"This is totally tongue in cheek, if you will."
3 ounces Monterey Jack cheese, grated on the small-hole side of a box grater (about 1 cup)
1 tablespoon unsalted butter
1 medium onion, chopped fine (about 1 cup)
1 medium celery rib, chopped fine (about 1/2 cup)
1 medium garlic clove, minced (about 1 teaspoon)
2 teaspoons minced fresh thyme leaves
1 teaspoon paprika
1/4 cup tomato juice
1/2 cup low-sodium chicken broth
2 large eggs
1/2 teaspoon unflavored powdered gelatin
1 tablespoon soy sauce
1 teaspoon Dijon mustard
2/3 cup crushed saltines
2 tablespoons minced fresh parsley leaves
3/4 teaspoon salt
1/2 teaspoon ground black pepper
1 pound ground sirloin
1 pound ground chuck
1/2 cup ketchup
1 teaspoon hot pepper sauce
1/2 teaspoon ground coriander
1/4 cup apple cider vinegar
3 tablespoons packed light brown sugar
To make free-form pan: Fold aluminum foil to form a 10-by-6-inch rectangle. Center the foil on a metal cooling rack and plan the rack over a rimmed baking sheet. Poke holes in the foil with a skewer, about a half-inch apart. Spray the foil with non-stick cooking spray. This will keep the meatloaf from stewing in its own juices to make a greasy mess.
Adjust over rack to the middle position; heat oven to 375 degrees. Spread cheese on plate and place in freezer until ready to use. Prepare baking sheet.
Heat butter in a 10-inch skillet over medium-high heat until foaming; add onion and celery and cook stirring occasionally, until beginning to brown, 6 to 8 minutes. Add garlic, thyme, and paprika and cook, stirring, until fragrant, about 1 minute. Reduce heat to low and add tomato juice. Cook, stirring to scrape browned bits from pan, until thickened, about 1 minute. Transfer mixture to small bowl and set aside to cool.
Whisk broth and eggs in large bowl until combined. Sprinkle gelatin over liquid over liquid and let stand 5 minutes. Stir in soy sauce, mustard, saltines, parsley, salt, pepper and onion mixture. Crumble frozen cheese into coarse powder and sprinkle over mixture. Add ground beef; mix gently with hands until thoroughly combined, about 1 minute. Transfer meat to foil rectangle and shape it into a 10-by-6-inch oval. Smooth top and edges of meatloaf with moistened spatula. Bake until an instant-read thermometer inserted into the center of the loaf reads 135-145 degrees, 55-65 minutes. Remove meatloaf from oven and turn on broiler.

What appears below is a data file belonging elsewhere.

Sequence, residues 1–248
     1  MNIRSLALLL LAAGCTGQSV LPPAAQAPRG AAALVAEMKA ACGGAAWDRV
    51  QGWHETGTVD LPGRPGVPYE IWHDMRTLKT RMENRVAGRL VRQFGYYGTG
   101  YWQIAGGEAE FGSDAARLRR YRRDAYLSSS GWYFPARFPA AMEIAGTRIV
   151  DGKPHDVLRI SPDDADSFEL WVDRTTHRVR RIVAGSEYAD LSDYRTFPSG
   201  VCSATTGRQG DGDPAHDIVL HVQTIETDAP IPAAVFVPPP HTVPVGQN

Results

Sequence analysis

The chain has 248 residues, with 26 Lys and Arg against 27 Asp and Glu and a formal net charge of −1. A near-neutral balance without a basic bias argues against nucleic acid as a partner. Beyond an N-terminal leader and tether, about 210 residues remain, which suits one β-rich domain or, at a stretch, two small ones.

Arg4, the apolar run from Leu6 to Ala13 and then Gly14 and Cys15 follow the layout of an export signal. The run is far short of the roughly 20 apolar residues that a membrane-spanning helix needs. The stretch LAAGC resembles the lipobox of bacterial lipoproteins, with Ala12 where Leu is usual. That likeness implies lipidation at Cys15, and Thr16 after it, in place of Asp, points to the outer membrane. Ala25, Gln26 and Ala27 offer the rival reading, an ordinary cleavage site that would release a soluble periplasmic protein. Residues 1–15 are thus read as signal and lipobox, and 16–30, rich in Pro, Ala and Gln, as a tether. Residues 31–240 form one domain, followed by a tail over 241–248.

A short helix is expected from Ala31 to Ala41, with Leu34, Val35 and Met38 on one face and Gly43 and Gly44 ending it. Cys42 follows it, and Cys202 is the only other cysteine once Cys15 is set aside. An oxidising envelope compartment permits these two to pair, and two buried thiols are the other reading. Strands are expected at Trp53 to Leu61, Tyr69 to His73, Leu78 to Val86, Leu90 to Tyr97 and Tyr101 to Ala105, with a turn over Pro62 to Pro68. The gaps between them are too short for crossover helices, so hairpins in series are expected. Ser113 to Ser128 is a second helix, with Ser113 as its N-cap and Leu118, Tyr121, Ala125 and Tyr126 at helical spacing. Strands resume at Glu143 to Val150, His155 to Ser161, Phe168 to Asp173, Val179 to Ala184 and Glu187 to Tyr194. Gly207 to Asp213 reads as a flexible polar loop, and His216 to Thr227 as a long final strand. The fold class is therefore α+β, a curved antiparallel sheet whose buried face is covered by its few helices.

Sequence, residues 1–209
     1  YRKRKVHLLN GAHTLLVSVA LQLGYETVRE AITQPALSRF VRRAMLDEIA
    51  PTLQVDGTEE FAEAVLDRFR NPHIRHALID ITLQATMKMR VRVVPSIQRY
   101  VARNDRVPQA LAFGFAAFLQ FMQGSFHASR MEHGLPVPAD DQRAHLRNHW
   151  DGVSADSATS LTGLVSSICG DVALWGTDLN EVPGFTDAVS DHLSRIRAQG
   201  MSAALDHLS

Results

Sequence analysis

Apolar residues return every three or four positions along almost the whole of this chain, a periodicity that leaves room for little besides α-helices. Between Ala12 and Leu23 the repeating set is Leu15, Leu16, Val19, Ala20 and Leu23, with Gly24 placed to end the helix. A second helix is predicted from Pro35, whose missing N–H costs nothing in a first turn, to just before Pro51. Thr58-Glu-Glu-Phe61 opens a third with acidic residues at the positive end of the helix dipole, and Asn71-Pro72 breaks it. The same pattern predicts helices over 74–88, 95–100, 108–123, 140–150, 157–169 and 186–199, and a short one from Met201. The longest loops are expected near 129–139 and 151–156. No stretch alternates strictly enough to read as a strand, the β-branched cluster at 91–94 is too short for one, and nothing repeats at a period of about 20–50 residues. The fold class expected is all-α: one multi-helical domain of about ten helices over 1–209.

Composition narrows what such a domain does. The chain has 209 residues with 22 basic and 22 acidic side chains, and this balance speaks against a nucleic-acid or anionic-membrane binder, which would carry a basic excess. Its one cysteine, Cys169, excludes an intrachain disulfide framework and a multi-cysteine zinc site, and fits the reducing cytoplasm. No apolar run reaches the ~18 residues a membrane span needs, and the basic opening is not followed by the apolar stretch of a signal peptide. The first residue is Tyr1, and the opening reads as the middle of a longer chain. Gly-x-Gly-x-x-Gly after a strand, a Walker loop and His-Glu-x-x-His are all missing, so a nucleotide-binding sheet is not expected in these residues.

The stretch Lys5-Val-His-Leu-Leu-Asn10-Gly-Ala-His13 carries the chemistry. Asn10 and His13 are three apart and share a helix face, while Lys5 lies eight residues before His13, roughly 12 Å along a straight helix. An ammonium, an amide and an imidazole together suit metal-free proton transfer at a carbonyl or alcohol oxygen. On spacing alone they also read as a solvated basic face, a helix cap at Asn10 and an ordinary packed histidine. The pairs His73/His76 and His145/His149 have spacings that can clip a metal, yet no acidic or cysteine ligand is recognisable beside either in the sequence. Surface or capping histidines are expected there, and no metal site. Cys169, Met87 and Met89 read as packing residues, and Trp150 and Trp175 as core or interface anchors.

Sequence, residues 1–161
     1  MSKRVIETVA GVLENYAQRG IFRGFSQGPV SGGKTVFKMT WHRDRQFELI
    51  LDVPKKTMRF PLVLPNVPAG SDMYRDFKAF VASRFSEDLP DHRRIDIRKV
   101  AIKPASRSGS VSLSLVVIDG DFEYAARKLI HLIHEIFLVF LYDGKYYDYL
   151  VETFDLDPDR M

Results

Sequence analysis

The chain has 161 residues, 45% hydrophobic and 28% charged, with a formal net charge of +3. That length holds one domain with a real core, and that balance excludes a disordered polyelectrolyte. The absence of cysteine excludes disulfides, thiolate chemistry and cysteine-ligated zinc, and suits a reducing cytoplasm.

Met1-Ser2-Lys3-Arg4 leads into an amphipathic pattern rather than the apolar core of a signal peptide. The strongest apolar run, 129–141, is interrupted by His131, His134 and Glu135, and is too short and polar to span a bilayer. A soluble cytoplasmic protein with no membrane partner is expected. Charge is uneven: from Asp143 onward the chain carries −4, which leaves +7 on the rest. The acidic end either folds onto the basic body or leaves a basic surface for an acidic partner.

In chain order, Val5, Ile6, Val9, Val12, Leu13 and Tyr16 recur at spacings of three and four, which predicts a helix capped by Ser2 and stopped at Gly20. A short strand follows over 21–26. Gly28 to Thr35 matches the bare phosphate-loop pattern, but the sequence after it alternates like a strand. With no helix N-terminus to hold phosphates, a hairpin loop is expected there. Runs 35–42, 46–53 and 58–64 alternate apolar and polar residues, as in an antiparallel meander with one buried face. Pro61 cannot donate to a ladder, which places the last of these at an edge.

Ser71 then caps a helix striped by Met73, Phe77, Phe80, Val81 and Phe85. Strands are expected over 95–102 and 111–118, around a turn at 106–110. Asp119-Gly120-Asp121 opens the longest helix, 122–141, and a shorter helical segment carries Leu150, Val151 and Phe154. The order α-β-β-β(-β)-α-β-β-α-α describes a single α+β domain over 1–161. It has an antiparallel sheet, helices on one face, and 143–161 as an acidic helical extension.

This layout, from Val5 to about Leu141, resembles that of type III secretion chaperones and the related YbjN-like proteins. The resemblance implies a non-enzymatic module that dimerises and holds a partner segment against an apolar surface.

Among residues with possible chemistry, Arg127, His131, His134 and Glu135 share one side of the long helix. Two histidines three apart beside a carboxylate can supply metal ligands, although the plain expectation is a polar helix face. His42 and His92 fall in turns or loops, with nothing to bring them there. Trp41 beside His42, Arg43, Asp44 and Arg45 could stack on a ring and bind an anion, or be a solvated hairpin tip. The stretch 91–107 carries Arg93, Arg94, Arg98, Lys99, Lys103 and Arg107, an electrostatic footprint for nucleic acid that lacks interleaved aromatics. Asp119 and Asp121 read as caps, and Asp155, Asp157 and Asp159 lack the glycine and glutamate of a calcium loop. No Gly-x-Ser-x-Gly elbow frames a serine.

While meatloaf cooks, combine ingredients for glaze in small saucepan; bring to simmer over medium heat and cook, stirring, until thick and syrupy, about 5 minutes. Spread half of glaze evenly over cooked meatloaf with rubber spatula; place under broiler and cook until glaze bubbles and begins to brown at edges, about 5 minutes. Remove meatloaf from oven and spread evenly with remaining glaze. If desired, top with pieces of cooked bacon. Place back under broiler and cook until glaze is bubbling and beginning to brown, 5 minutes more. Let meatloaf cool about 20 minutes before slicing.
- Recipe adapted from "Cook's Illustrated" by Christina Hoxie